While not as plentiful as smallmouth, they do hold their own here.
Largemouth bass put up a memorable fight, and targeting them with top waters and poppers is a great time in warmer weather.
Crankbaits, buzz baits and all kinds of soft plastic lures work as well.
This is among the best smallmouth bass fishing lakes in Washington.
There are so many great ways to catch bass. Learn the best bass fishing techniques in our simple guide.
Sturgeon have been replanted in Lake Roosevelt through a cooperative hatchery program for some years now.
The fruits of those labors are now showing up and the legal-sized white sturgeon population is starting to make a strong comeback.
The first sturgeon harvests in decades resumed in 2017, and suddenly Lake Roosevelt became one of the better sturgeon fishing areas on the Columbia River.
Note that sturgeon fishing at Lake Roosevelt is technically closed under permanent regulations but in recent years have consistently been opened through emergency regulations.
The regs have often been released in about June so check the WDFW for official rules.
Read up on the rules very carefully before heading out to catch these big fish.
And believe us, targeting these ancient dinosaurs can be a great time.
The Kettle River area and Marcus Flats are some of the more productive sites on the lake.
Kettle Falls offers a boat launch and all the amenities you may need to get you ready for a day of battling these giants.
There are several ways to target sturgeon, but one of the best in Lake Roosevelt is with fresh squid.
Drop it down once you find an area holding sturgeon, and get ready.
The regulations on these can change at any moment, so make sure to check the current regs before heading out.
The lower lake has several great spots for these monsters, but watch out for seasonal closures often set above the China Bend boat ramp on the upper reservoir, where the big ones go to spawn.
There are Chinook salmon in the lake, though they are mostly washed down from Coeur d’Alene Lake, where they are planted.
Coeur d’Alene Lake uses them to keep the local kokanee populations in check.
There are also Chinook that have been released in the lake to attempt to create a local spawn above the dam.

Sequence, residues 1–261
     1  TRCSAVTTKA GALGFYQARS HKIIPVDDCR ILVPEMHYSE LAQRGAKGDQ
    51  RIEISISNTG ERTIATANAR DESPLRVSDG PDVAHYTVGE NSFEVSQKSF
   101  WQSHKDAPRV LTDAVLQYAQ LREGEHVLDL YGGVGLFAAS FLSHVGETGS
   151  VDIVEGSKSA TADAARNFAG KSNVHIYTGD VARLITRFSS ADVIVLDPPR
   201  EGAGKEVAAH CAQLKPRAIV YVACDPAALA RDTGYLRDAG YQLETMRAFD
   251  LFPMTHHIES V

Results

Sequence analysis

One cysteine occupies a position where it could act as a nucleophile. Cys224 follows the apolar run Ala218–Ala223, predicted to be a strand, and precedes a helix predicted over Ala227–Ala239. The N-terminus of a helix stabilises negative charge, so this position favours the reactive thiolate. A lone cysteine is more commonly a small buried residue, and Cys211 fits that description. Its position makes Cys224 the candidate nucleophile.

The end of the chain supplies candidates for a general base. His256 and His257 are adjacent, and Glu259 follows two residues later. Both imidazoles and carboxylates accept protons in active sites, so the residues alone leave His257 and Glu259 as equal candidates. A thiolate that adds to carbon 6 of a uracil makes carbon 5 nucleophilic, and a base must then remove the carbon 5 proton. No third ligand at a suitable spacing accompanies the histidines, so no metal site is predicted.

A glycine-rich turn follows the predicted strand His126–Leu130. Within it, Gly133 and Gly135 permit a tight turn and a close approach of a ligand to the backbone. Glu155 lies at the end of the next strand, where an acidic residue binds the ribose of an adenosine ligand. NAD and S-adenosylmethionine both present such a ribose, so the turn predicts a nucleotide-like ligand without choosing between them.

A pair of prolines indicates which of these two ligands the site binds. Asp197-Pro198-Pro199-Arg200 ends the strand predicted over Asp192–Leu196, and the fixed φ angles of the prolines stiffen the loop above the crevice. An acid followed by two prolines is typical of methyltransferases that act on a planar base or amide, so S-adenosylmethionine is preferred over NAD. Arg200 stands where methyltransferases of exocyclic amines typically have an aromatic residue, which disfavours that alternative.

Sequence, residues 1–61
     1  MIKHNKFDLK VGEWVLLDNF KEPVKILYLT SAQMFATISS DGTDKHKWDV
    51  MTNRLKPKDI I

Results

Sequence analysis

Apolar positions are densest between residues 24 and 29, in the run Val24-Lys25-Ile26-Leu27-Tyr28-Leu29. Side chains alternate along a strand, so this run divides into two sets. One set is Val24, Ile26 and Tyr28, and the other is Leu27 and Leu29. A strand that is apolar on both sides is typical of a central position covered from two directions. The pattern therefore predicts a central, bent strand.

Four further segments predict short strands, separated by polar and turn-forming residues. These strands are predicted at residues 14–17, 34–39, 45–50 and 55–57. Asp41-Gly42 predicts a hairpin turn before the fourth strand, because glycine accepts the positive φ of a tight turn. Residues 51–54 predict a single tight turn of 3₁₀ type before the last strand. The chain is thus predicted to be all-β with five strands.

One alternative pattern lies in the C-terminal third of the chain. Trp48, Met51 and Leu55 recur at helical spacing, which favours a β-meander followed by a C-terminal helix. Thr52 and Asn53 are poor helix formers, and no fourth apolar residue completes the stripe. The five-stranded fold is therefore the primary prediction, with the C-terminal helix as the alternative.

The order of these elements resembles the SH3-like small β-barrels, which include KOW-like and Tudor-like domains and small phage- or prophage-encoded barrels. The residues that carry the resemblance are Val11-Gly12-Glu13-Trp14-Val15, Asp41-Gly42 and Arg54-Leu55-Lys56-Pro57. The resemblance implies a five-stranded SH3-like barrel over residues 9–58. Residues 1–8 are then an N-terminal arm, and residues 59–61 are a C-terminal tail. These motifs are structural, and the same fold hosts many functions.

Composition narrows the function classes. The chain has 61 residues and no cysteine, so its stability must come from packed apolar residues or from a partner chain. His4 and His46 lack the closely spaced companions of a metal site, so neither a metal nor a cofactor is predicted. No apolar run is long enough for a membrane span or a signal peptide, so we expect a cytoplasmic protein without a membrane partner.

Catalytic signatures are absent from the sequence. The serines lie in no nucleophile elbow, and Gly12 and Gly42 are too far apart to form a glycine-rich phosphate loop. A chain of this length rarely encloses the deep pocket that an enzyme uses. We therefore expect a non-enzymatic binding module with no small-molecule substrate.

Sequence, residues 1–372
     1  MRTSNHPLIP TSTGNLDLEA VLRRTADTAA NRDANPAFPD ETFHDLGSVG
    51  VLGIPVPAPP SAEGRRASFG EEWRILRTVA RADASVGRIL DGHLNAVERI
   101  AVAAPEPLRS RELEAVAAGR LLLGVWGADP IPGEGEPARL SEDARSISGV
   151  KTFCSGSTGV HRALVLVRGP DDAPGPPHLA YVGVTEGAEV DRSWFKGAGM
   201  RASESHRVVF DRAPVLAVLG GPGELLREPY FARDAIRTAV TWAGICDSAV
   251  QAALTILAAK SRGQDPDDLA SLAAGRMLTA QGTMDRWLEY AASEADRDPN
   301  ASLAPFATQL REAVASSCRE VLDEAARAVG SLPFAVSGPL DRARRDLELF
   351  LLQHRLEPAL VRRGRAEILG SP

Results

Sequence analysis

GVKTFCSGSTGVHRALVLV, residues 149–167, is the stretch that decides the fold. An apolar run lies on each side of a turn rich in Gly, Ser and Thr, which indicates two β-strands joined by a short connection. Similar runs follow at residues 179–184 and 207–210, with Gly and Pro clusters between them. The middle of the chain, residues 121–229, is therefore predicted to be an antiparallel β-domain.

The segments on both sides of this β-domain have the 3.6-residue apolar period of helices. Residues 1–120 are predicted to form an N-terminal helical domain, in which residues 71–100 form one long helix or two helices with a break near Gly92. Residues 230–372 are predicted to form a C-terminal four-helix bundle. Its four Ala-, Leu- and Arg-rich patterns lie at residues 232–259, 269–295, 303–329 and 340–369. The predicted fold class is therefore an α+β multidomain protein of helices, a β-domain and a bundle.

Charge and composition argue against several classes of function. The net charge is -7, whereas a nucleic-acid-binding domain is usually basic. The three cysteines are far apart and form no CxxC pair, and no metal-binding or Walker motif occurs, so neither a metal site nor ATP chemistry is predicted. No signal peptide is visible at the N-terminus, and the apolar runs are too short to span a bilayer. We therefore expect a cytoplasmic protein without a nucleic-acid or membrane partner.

The local tribes have been introducing more each year in the hopes of re-establishing the area as a Chinook water.
Salmon other than kokanee count toward the trout limit here.
Look for these tasty but bony fish from near the Hawk Creek area down to the dam. The deeper waters here hold many of these guys, though they don’t face very heavy fishing pressure.
For most of the year, they keep to deeper water, suspending near the bottom. Look for them in deeper pockets in 75 to 130 feet of water.
Lake whitefish spawn in the winter, making them easier to catch then.
They’ll hang out just offshore, making them easy targets for bank anglers and boats alike. Once you’re on a school, you’re going to have pretty fast action.
Vertical jigging for these is often the go-to approach. Use a smallish hook and worms, wax worms, salmon eggs or shrimp.
A ¼ to ½ ounce weight will get your bait to them in the summer, and a jig will do fine in the winter.
Black crappie, pumpkinseeds and yellow perch are found throughout the big reservoir, with sunfish in particular seeking cover close to the shoreline.
There aren’t too many big panfish in there, either because of lack of accessible habitat or because they are actively fed upon by the other game fish in the lake.
Burbot can be found in several areas throughout Lake Roosevelt, which is one of the best burbot fisheries in Washington.